*No Fast Food
*No Eating after 7 p.m.
*Only One Grocery Trip a week
Which one of them has been the hardest for me to adhere to? ALL. OF. THEM. Geez, I'm pathetic.
It seems as though I have been living a lifestyle that is way too much "on the go". So much so that I never plan ahead what my family will eat ahead of time, and making the possibility of grabbing something fast food pretty much inevitable. It's been a struggle all week, with trips to the Science Museum around lunch time to mall trips around dinner time. I'm learning that I'm not a planner. I'm a "spontaneous eater" by nature. I graze. A little here, a little there, but hardly ever a little at home. That's been changing as I've learned to schedule our outings a bit after some REALLY late dinners and really cranky kids made me realize that's not acceptable. So, I'm adapting.
Let's talk caffeine. I'm not sure how people do life without it. For years I have suffered through existence with a Big Gulp in the morning to wake me up enough to endure people, and then have refilled throughout the day. This has been to all of your benefits. I'm really not a nice person without a healthy dose of caffeine running through my veins. I'm still getting my caffeine, but in a bit more creative ways. Since the NO SODA rule, I've been popping Excedrin tablets like their going out of style. Before you deem me a druggie, know that the lack of soda has given me daily headaches and Excedrin (that happens to be chalked full of caffeine) allows me to grin and bare it when I really want to crawl into a corner and cry. I've also taken my morning coffee to a whole new level. I used to drink it only in the fall/winter. But having a morning java has saved my children from many near-death experiences over the last two weeks. I tell them on a daily basis, "Folgers has saved your lives again." Not to make myself sound too ridiculously pathetic, I have started drinking water again. You know, the stuff on tap in your OWN homes that's FREE?! I add a little Mio and Viola! I'm finding I'm not so dehydrated all the time. This is something I plan to stick to after this whole fast is over.
Mostly this week I've realized that my slightly reduced life is still extraordinary in every way. There are so little boundaries and no end to my advantages. For whatever reason, I was born into privilege: I've never known hunger, poverty, or despair. I have been blessed. Ridiculously blessed--relationally, emotionally, spiritually, and physically. My life is so happy, it's almost embarrassing. And yet I let little things like the fact that I can't run through a drive-thru window or grab a soda obstruct my view on reality. I can't see how blessed I am most days because I'm not seeing the forest for the trees, so to speak. I've been concentrating too much on the few things that I can't have instead of all the endless things that I do have at my disposal. I have more food (even with all the limitations) in one single day than most of the earth's population see their whole lives. If anything is ridiculous, it's that fact. How many times do we really stop and think about that? If we did, I think it would revolutionize the way we think about food.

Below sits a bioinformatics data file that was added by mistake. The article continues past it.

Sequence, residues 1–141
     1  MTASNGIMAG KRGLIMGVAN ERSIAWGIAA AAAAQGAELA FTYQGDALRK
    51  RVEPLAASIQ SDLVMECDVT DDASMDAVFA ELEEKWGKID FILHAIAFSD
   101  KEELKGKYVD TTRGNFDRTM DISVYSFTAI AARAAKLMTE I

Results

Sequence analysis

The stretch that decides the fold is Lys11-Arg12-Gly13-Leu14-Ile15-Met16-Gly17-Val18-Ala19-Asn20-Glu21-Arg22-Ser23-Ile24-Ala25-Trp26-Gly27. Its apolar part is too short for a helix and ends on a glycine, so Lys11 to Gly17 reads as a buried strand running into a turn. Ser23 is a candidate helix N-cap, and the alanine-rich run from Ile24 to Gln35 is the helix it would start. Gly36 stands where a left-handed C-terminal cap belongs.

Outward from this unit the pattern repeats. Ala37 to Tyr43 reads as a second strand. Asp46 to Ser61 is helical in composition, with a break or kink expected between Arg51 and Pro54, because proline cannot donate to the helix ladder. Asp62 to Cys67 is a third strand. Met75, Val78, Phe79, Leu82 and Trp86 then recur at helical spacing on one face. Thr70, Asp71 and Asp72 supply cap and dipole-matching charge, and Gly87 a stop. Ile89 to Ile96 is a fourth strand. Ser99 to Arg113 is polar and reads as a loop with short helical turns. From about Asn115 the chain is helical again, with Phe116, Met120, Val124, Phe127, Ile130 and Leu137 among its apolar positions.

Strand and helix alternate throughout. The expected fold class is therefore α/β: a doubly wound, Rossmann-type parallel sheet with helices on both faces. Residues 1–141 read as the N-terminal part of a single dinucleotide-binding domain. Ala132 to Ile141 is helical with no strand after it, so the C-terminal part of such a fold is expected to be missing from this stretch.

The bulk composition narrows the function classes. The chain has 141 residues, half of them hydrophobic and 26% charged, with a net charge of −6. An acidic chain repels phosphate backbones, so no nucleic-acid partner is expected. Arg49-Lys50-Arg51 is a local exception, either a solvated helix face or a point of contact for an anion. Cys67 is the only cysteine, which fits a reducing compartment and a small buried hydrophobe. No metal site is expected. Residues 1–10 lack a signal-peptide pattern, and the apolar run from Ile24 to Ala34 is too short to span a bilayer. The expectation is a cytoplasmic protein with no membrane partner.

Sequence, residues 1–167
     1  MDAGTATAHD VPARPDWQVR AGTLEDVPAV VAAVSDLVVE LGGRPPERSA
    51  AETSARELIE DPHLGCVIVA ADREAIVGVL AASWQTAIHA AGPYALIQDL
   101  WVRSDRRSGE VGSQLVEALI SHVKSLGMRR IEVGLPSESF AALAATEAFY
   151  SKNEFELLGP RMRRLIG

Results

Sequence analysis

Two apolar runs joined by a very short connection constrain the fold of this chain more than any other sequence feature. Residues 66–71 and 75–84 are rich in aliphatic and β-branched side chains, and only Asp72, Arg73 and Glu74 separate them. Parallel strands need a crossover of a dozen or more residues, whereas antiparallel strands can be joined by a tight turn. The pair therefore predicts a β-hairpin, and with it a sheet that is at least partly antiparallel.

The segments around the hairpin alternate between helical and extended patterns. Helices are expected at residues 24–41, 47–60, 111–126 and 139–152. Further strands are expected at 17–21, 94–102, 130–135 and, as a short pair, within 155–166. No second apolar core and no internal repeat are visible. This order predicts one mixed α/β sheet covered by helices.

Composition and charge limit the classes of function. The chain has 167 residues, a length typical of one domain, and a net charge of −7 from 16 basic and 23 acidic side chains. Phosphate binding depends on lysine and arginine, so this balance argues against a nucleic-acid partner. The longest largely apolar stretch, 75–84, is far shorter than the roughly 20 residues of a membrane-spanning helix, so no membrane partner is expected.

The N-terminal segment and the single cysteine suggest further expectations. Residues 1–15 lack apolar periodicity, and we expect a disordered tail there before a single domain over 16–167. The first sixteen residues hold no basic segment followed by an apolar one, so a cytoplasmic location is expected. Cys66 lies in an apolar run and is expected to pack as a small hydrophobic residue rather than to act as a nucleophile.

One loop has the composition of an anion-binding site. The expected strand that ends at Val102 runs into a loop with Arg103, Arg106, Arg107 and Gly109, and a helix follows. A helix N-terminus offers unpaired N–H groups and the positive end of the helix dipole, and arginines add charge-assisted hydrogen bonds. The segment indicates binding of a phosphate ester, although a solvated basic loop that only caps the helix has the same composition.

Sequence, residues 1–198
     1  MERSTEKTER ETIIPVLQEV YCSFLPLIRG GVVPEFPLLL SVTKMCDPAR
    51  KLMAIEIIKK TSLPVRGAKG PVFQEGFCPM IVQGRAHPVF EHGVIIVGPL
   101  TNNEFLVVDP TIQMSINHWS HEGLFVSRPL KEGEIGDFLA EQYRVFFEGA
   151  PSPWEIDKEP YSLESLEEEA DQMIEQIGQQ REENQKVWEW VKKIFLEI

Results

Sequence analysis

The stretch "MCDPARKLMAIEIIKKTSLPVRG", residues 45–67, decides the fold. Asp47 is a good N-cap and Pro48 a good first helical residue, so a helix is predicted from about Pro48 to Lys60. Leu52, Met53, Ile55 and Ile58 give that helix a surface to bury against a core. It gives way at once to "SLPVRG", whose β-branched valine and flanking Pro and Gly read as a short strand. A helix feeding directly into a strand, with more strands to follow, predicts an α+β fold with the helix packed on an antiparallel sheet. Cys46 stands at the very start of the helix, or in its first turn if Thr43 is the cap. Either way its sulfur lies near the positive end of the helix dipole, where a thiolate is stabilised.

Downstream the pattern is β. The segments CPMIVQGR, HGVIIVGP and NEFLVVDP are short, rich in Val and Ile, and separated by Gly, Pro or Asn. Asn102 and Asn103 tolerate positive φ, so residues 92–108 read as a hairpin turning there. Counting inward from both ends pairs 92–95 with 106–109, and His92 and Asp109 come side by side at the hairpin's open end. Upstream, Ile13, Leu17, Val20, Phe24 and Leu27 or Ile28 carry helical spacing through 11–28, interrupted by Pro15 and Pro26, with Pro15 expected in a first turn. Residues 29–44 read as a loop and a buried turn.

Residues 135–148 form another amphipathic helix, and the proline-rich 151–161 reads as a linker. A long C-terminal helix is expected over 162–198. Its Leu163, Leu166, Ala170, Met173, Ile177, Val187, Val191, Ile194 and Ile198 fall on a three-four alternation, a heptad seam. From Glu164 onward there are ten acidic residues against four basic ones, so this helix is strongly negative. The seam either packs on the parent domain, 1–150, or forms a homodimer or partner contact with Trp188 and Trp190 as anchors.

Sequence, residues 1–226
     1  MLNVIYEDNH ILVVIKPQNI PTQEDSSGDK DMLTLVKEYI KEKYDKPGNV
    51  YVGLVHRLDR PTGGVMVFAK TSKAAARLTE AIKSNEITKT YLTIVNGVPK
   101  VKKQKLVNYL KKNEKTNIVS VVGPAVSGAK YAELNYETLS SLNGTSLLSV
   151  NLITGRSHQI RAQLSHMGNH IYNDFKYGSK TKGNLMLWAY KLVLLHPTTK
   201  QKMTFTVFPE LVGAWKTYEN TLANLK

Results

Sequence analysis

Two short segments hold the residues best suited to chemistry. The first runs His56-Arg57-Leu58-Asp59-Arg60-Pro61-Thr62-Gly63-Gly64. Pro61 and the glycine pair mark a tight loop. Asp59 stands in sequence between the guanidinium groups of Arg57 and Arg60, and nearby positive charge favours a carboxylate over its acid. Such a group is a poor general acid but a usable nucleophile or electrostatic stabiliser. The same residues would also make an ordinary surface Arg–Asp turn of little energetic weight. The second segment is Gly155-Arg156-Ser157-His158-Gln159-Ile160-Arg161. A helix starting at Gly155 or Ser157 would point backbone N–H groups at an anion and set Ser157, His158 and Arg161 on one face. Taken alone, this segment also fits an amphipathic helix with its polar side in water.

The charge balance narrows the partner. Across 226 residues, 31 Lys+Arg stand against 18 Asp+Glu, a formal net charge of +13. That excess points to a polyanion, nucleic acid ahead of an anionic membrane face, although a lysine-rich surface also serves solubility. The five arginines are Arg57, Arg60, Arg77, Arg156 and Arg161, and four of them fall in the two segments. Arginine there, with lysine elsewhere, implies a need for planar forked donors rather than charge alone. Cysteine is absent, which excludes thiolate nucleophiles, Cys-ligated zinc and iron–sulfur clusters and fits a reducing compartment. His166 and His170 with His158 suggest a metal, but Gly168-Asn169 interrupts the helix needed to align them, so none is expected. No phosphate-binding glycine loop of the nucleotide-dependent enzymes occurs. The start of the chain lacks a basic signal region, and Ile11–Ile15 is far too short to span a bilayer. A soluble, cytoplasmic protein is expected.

My husband and I are desperately trying to afford a mission trip coming up in November. We are saving money and planning on visiting Nicaragua, one of the "third-world-countries" in Central America. I'm not entirely sure what defines a "third-world-country", but I know it involves a poverty like we cannot fathom in the United States. We see hunger, we see poverty, we see a down slide in our economy. . .But we know nothing about this level of desperation. We want to use what resources that we've been blessed with to go there and bless others. Whether that is with food, relational support, or just old-fashioned care and concern. This fast has opened my eyes to the fact that I don't know much about "need". I'm so looking forward to having my eyes opened in November to what a "need" truly looks like. It's not just a craving for a bit of fast food or a soda. It probably looks a lot more like a mom going to bed hungry so that both of her children have at least a little something in their bellies. My children don't know that feeling. I don't know that feeling.
"Tell me about the world before. What was it like?"
We didn't even know what was precious.
We threw away things that people would kill for today."
-The Book of Eli